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What Sounds Like a GMO, Grows Like a GMO, But Isn't a GMO?

This Small Company Will Upend a Multibillion-Dollar Industry

Written by Jason Williams
Posted December 29, 2017

I come from a farming family. My great-great-grandfather and his two brothers immigrated here from Scotland in the 1800s and settled in an area in Indiana that became known as Cass County.

When they first got there, there were still wolves and bands of marauding Native Americans roaming the countryside. But those weren’t the only worries they had.

They were farmers. And they needed their crops to grow to put food on their tables and support their growing families.

Back then, the most advanced technology you had was a metal plow and a team of horses or oxen to pull it. A far cry from today, when you can buy combines and planters that are controlled and driven by computers.

But they worked hard and grew their crops, and my family spread out over the area. Now, when I go back to visit, they say you can’t throw a rock without hitting a relative of mine.

The farm they started is still in my family. My dad inherited part of it when his parents died. He grew up there. And he’s got some great stories about outhouses, community phones, winters cold enough to freeze the glass of water on your bedside table, and finally getting electricity in the farmhouse.

Now, he isn’t a farmer, although he came really close to being one. He graduated from Purdue University with a bachelor’s in agriculture. But then he got drafted during the Vietnam War.

He was in a relatively special unit in basic training. All the members had at least a bachelor’s degree. That was odd for a group of draftees. They always said the only fraternity you couldn’t join if you stayed in college was the Mekong Delta.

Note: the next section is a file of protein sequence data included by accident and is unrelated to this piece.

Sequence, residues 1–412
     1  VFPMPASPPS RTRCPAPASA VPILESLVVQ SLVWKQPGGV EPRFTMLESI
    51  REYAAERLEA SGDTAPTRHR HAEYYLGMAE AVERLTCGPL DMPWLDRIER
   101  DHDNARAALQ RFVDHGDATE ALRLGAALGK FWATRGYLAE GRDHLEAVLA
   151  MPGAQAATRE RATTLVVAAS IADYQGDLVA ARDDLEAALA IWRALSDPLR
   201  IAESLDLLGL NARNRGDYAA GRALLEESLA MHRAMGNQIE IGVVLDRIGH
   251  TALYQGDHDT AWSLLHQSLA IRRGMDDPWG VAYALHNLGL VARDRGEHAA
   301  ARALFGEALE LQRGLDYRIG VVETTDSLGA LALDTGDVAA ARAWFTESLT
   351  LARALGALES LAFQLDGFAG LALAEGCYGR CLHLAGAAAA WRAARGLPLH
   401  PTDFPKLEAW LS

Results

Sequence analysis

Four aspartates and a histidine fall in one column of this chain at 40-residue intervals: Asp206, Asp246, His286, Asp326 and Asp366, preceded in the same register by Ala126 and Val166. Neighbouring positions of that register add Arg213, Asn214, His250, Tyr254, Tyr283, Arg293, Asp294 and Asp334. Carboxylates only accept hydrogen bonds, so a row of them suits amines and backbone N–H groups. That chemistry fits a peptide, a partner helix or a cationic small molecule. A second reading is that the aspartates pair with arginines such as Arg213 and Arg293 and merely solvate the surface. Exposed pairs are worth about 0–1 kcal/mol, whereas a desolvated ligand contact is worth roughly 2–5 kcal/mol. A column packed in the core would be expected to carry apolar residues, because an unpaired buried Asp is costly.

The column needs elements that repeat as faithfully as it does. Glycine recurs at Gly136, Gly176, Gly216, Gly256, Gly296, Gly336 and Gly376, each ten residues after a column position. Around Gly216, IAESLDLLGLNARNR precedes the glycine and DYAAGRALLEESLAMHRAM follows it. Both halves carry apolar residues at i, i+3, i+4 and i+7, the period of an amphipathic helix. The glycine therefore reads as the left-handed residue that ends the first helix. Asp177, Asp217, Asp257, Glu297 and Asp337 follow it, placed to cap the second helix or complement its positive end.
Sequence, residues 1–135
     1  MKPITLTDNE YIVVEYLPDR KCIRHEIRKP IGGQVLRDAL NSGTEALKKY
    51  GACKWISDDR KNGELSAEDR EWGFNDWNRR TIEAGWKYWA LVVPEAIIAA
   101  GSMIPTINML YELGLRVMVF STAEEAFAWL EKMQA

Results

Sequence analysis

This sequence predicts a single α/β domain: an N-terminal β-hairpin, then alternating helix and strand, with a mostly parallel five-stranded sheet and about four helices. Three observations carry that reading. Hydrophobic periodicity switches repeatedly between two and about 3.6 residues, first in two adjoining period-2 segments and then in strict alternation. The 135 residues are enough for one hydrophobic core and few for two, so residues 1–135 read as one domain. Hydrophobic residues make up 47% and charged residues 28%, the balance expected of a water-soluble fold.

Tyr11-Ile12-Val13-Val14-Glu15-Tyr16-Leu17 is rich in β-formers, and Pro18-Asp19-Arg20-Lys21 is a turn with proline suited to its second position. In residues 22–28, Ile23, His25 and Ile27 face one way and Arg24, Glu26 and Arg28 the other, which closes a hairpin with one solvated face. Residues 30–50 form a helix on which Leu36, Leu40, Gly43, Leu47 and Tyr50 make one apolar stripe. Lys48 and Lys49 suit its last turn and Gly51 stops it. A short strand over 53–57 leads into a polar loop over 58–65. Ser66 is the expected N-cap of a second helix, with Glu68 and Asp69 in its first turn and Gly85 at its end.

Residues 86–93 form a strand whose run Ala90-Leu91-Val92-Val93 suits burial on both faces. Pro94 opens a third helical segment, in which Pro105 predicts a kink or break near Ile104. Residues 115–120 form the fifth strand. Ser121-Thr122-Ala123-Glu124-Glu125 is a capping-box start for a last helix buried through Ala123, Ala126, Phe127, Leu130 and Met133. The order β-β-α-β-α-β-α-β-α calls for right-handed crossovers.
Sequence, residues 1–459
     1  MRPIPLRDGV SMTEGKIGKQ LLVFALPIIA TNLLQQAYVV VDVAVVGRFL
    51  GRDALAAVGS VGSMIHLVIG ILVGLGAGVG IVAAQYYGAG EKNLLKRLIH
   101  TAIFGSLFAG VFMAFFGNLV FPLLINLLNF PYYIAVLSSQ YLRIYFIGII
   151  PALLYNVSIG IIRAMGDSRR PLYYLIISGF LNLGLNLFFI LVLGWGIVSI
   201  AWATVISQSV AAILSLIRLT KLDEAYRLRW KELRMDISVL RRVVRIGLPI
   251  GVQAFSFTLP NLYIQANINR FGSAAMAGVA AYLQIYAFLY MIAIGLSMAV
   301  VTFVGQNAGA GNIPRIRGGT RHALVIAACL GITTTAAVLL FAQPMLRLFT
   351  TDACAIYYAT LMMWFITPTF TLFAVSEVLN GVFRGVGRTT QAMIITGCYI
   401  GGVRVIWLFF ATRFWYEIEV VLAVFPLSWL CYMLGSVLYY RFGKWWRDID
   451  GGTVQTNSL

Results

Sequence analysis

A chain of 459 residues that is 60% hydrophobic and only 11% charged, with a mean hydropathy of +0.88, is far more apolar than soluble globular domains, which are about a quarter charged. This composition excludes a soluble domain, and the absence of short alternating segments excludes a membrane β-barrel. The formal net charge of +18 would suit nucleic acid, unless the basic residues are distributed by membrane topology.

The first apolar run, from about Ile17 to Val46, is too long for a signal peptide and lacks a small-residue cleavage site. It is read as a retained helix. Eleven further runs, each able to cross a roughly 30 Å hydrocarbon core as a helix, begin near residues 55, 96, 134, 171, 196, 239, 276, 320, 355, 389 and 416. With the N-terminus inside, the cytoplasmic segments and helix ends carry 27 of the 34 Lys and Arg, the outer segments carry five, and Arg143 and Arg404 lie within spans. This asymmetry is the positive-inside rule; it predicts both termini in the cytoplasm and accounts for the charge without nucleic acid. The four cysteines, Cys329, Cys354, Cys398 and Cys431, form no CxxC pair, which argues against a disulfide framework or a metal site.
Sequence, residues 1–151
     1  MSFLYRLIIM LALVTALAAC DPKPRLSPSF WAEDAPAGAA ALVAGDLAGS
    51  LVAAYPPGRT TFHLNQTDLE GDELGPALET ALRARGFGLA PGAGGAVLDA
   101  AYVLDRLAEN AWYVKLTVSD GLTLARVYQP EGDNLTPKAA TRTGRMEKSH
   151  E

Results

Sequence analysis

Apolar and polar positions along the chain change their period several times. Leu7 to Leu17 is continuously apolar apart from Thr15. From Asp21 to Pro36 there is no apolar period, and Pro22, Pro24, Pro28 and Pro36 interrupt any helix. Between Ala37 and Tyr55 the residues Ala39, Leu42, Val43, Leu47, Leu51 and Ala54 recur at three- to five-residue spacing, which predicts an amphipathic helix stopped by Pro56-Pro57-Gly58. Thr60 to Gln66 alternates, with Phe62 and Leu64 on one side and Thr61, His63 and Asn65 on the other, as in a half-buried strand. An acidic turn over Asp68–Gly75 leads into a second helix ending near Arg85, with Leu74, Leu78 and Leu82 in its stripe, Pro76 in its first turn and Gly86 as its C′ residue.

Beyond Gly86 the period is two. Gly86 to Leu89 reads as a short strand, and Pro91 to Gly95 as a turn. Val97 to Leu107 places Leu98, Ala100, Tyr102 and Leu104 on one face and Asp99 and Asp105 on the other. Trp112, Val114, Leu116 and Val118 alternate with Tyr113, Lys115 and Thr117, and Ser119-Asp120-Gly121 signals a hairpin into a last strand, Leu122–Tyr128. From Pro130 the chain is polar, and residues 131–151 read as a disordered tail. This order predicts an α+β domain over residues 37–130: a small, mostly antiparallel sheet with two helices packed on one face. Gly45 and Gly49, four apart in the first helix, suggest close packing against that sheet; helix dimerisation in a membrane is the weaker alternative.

But I guess once you graduated, you were fair game. Anyway, after going through basic, my dad was offered a position here in Maryland at Edgewood Arsenal (now part of Aberdeen Proving Ground). He worked in the labs at Edgewood testing chemical warfare agents from pepper gas to pot.

And he developed a love of the lab. He had already gotten some experience during his degree, but it was this time in the Army that convinced him to become a scientist instead of a farmer. He went on to work for several pharmacological companies after earning his master’s and PhD in biology from Rutgers.

But I digress. You see, after growing up on that farm, the dirt was in his blood. And he couldn’t bear to part with the land once it was his. So, we still own it and rent it out to a local farmer. I go and visit as often as I can. I love the feel of a tractor seat under me. And I love the smell of the plants and animals — even the hogs. And the stories you can hear at the Big R and local sundry stores are things you just can't get anywhere else.